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05 Aug 2021
by Dan Phipps

How data can make your recognition strategy more inclusive

Having an inclusive company culture is no longer optional. Employers that don’t have inclusive cultures risk losing top talent and business success, as Josh Bersin of Deloitte reminds us: “Companies that embrace diversity and inclusion in all aspects of their business statistically outperform their peers.”


Unfortunately, most diversity and inclusion (D&I) efforts have had lacklustre results with only 44% of employees feeling their organisations’ D&I efforts are sincere, and 35% of employees saying that their organisations aren’t doing enough to address discrimination internally, according to the Global Culture Report (2021), conducted by the O.C. Tanner Institute.

Building truly inclusive cultures means going beyond just improving diversity numbers in recruiting. Instead, inclusion must be built into the everyday employee experience and company culture. Recognition technology and reporting can help play a pivotal role in driving this key initiative.

Recognition data can point out inequalities and inform D&I efforts

More organisations are using advanced technology, like artificial intelligence and machine learning, to assist with D&I efforts. Looking at recognition data can provide powerful insights. Knowing who is being recognised, who is giving recognition, and what is being recognised can be integrated with other demographic and performance data to help make the employee experience more inclusive.

Our Global Culture Report shows that 52% of organisations are using advanced technology to support diversity and inclusion efforts, and 45% are considering it to support recognition initiatives and better their company cultures. To illustrate the opportunity, consider one organisation’s surprising findings – an annual culture and engagement survey found women and line-level supervisors felt less appreciated compared to other employees. Looking at their recognition programme data, they saw no significant difference in the amount of recognition these groups had received.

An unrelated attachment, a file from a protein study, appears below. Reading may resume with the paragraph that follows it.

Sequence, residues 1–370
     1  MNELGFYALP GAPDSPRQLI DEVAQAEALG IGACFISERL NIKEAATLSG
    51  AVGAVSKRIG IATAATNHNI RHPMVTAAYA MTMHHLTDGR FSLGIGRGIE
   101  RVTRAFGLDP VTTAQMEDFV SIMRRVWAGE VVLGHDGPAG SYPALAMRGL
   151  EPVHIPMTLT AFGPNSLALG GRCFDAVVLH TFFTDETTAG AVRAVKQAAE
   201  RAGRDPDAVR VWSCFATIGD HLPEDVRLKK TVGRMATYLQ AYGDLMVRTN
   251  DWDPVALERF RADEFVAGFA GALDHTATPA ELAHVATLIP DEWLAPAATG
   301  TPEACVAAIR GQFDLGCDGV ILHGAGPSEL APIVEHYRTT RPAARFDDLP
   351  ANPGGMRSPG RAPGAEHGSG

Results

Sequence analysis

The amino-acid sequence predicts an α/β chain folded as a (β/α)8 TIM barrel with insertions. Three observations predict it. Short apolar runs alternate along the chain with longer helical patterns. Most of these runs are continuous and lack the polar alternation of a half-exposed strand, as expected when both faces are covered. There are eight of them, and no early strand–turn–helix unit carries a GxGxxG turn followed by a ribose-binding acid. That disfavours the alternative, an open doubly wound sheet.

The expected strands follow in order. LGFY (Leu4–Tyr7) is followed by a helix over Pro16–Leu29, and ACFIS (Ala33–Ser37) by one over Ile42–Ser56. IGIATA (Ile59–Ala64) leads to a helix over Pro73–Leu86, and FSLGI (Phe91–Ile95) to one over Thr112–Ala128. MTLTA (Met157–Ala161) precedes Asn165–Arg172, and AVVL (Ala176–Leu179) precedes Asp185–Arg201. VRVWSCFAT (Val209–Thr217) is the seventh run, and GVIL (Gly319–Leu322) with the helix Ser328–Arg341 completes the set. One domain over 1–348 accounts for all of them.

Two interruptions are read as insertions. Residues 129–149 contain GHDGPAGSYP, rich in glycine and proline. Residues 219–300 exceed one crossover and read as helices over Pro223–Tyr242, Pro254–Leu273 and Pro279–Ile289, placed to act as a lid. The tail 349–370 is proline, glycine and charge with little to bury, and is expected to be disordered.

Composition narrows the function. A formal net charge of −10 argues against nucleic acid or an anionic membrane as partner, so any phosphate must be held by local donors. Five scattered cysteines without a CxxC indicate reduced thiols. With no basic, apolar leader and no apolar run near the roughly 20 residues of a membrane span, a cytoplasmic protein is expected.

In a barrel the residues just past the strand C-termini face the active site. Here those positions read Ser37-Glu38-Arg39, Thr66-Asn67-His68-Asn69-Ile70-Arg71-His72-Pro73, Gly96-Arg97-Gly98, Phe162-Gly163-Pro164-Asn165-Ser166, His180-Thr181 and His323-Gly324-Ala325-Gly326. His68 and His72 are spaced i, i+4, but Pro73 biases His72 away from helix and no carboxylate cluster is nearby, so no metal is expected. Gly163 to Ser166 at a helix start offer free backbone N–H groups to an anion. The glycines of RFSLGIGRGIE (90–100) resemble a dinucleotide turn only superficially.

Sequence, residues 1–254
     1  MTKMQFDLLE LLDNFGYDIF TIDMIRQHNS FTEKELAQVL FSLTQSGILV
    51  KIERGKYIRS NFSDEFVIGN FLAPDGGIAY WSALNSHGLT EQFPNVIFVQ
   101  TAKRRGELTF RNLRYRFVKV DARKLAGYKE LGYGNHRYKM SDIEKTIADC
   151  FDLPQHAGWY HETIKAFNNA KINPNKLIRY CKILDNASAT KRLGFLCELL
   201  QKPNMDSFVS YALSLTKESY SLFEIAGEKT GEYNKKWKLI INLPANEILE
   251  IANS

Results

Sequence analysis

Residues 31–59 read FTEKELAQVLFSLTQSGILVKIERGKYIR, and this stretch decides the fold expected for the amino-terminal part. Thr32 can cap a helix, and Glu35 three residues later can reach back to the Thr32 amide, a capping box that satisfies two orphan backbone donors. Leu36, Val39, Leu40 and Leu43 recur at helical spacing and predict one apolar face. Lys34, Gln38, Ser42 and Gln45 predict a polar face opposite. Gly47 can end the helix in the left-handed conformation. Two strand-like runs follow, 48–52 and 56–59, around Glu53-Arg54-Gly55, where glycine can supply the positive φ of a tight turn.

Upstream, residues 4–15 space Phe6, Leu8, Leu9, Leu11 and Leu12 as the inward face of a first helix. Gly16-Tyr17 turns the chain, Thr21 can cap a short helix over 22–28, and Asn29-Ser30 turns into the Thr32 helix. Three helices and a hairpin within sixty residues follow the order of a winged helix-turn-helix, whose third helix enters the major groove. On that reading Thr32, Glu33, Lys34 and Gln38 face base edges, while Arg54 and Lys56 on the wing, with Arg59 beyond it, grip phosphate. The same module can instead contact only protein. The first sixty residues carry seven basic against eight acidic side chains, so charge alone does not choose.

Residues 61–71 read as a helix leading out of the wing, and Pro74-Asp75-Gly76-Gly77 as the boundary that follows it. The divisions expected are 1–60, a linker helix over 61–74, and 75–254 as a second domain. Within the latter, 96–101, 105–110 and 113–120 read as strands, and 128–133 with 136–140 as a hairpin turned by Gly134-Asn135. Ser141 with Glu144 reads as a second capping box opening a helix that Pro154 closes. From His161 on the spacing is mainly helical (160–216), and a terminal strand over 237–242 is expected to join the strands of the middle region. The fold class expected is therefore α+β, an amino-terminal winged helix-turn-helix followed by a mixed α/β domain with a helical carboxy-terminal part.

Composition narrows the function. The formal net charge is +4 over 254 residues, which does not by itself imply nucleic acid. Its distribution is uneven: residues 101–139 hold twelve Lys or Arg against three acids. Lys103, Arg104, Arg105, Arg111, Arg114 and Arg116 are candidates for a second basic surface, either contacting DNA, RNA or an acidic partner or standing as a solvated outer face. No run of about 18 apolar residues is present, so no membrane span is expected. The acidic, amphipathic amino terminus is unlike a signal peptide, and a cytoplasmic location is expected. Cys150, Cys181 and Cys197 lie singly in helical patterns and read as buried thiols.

Using advanced technology to analyse the data more closely, the organisation found a difference in the words employees used to recognise each other. Male employees received recognition with stronger positive statements at a higher magnitude when compared to female employees. Line-level supervisors also received recognition with lower positive sentiment and magnitude.

Going a step further, the organisation blended the data from the engagement survey, recognition programme, and their performance management system. The analysis revealed that female employees and line-level supervisors received less than fair performance reviews and were more likely to feel disconnected from the organisation.

These findings helped create a targeted strategy to better interact with female employees and line-level supervisors. The data informed targeted training and coaching for leaders that was more cost-effective, easier to manage, and more impactful in addressing the root causes of disengagement and feelings of exclusion.

If data can tell a story, recognition data can paint a very clear picture of employees who aren’t always heard.

Data supports a fair culture

Appreciation is a powerful connector because everyone wants to feel valued and know they are making a difference. It’s the simple act of seeing people as humans. It’s also something everyone in the organisation can do – from the CEO to the newest hire – to build a more inclusive culture for all. And by supporting recognition efforts with data insights, you can help to ensure the recognition given remains fair to all and no-one feels marginalised.

The author is Dan Phipps, culture and engagement strategist from O.C. Tanner Europe.

This article is provided by O.C. Tanner Europe.

In partnership with O.C. Tanner

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